Running from the compressor is a continuous loop of coils, one loop to the inside of the refrigerator, regarded as evaporator and the other to the outside (condenser). The coils to the inside are invisible while those to the outside are exposed.
Gas laws state that if you compress a gas into a small volume the temperature increases and when you expand a gas it temperatures drop. That is why when you pump a bicycle tyre, the tyre and the pump gets warm because you are trying to fit large amount of gas into a small volume.
On the other hand when you decompress a gas or spray an already pressurised gas such as deodorant you get a really cold sensation. This is because the released gas from deodorant nozzle expands and occupies a large volume, cooling down.
The refrigerator compressor pumps a type of special gas called refrigerant or coolant into the coil running to the inside of the refrigerator. As the coil enter the fridge the diameter gradually increases, the refrigerant passes through a valve, evaporates and expands dramatically cooling down. This is known as the Joule-Thomson (or Joule-Kelvin) effect after the physicists who discovered it, James Prescott Joule (1818–1889) and William Thomson (1824–1907).
The second law of thermodynamics states that when a substance at higher temperature is in contact with a cooler substance, the heat flows from the hotter material to the colder one. This is the magic the fridge uses to do the job, the heat from the food in the fridge moves to the colder refrigerant in the coils.
As the refrigerant is leaving the refrigerator it passes from wider tube to narrower rear coil (condenser), gets compressed and turns into liquid releasing the heat to the outside. That is why the rear of the refrigerator is normally warm.
The constant and continuous flow of the refrigerant picks up heat from the inside of the refrigerator and carries it to the outside like a heat conveyor belt. Voila, food is cooled.
Does refrigeration kill food nutrients?
Refrigeration does not kill nutrients. However some foods can change the colour, become soggy or develop dark marks. This is due to different injuries they suffer in the refrigerator but these does not in any way affect the nutrients unless food is stored for unsuitably long periods.
Why does pepper and tomatoes develop black marks in the fridge?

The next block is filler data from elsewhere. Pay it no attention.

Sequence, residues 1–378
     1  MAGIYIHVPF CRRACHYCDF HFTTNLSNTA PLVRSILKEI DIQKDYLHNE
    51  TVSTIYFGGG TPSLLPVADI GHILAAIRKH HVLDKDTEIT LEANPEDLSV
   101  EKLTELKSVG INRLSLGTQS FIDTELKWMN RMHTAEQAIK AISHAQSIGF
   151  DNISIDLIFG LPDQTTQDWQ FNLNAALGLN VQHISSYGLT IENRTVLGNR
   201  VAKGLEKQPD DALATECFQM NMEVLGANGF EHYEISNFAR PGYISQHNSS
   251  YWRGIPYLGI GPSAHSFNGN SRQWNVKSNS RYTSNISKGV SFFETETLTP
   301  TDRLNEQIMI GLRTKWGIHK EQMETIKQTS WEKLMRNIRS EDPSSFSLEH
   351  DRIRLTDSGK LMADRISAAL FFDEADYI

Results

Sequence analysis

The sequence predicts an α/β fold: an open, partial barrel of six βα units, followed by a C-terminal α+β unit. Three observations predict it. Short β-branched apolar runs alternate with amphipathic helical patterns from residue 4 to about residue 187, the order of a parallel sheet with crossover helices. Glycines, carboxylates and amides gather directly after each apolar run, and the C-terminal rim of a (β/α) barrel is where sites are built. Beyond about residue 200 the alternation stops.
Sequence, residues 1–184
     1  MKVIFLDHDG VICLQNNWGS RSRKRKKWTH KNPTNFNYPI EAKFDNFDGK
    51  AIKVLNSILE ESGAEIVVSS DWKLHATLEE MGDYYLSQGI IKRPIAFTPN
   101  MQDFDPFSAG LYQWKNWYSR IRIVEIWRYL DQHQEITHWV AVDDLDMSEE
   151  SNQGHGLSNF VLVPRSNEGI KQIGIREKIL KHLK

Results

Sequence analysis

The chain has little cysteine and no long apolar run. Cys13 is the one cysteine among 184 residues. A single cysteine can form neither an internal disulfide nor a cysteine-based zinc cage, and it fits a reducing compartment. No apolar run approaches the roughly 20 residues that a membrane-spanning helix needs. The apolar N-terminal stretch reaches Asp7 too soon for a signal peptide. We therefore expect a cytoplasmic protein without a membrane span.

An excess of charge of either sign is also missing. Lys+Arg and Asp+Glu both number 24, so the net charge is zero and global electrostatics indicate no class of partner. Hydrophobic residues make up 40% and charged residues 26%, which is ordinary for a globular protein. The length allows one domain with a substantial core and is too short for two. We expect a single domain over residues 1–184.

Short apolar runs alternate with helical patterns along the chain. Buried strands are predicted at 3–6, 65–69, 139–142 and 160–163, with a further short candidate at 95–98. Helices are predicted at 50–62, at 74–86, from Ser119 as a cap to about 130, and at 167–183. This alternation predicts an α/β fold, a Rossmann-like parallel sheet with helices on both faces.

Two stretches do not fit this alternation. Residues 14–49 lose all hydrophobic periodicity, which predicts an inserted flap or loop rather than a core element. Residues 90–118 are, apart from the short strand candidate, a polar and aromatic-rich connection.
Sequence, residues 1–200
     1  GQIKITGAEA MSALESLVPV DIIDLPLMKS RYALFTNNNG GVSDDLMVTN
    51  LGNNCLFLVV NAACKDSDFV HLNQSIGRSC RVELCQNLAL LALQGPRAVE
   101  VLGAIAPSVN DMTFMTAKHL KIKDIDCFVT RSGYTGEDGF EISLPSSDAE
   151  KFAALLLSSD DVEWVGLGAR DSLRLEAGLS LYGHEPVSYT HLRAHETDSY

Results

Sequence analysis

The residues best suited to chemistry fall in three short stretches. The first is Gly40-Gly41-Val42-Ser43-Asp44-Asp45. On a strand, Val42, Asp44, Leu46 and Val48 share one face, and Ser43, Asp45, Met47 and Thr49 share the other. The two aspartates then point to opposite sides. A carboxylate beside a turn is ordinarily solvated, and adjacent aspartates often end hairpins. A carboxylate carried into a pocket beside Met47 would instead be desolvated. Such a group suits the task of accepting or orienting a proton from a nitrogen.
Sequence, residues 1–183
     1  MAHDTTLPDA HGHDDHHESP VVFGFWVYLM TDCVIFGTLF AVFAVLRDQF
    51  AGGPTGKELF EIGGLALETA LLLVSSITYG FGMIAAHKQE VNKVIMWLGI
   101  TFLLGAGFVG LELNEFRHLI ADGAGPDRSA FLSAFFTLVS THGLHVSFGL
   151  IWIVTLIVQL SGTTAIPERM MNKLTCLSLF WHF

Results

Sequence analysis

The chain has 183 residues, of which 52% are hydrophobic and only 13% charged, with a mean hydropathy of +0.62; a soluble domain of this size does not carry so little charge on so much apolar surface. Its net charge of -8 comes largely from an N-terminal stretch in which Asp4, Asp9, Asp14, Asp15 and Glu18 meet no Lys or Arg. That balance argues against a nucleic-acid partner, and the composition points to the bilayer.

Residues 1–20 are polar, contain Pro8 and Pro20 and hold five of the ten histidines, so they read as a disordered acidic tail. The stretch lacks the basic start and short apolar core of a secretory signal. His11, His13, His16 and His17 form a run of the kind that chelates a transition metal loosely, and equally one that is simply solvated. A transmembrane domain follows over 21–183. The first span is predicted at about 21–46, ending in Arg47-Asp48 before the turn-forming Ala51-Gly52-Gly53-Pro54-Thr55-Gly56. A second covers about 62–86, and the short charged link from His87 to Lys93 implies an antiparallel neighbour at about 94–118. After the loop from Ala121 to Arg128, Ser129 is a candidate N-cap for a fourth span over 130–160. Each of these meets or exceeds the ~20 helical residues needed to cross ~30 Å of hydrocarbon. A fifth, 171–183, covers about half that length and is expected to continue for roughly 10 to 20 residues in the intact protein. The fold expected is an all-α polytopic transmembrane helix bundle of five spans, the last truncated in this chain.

Some fruits and vegetables undergo chilling injury in the fridge. Signs of chilling injury include; surface lesions, discoloration and wilting. Fruits and vegetables susceptible to chilling injury which should not be refrigerated are apples, tomatoes, cucumber, oranges, pawpaw, pineapple, banana, mango, pepper and lemons.
Which food should be refrigerated?
The best guide on foods to be refrigerated is your local supermarket. Take note of foods that are stored at ambient temperature and those refrigerated and do the same at home. The exception arises to some products though. For example packed fruit juices and pasteurised milk should be refrigerated after opening. Check for such instructions on the package.
Common foods that are refrigerated are vegetables, some fruits, milk, yoghurt, meat and meat products and fresh fruit juices.
Can bacteria grow in a refrigerator?
Yes. This occurs if food is stored for longer than recommended time or if the refrigerator is dirty and contaminated with bacteria.
Both spoilage and pathogenic bacteria can grow. If spoilage bacteria grow, they cause food to have objectionable flavour and smell. However, pathogenic bacteria will not cause such unpleasant odour, flavour or texture to the food. Therefore it is not possible tell if these bacteria are present or not. But once that food is consumed it causes illness.
To avoid such instances, observe strict hygiene of the food and the fridge and store food only for the recommended periods. It is also a good practice to clean the fridge at least once a month.